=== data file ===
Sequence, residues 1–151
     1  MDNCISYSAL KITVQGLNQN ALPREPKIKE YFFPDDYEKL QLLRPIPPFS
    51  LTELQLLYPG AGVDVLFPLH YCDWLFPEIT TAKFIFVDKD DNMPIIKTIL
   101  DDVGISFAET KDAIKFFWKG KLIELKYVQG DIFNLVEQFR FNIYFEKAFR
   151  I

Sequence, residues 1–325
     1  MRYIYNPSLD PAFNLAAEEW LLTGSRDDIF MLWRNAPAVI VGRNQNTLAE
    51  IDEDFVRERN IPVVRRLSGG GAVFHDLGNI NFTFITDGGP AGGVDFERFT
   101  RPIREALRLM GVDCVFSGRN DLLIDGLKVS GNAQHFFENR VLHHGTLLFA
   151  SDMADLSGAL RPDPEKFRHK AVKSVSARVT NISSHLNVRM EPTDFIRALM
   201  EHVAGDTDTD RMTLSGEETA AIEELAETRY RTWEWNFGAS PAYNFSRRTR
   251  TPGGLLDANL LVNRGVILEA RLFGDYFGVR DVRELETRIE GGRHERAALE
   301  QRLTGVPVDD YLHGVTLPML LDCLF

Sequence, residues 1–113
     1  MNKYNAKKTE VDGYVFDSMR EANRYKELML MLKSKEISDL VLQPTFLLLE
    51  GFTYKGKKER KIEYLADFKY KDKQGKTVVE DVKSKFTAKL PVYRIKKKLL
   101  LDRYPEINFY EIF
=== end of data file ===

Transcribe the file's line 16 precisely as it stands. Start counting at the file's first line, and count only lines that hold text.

    51  GFTYKGKKER KIEYLADFKY KDKQGKTVVE DVKSKFTAKL PVYRIKKKLL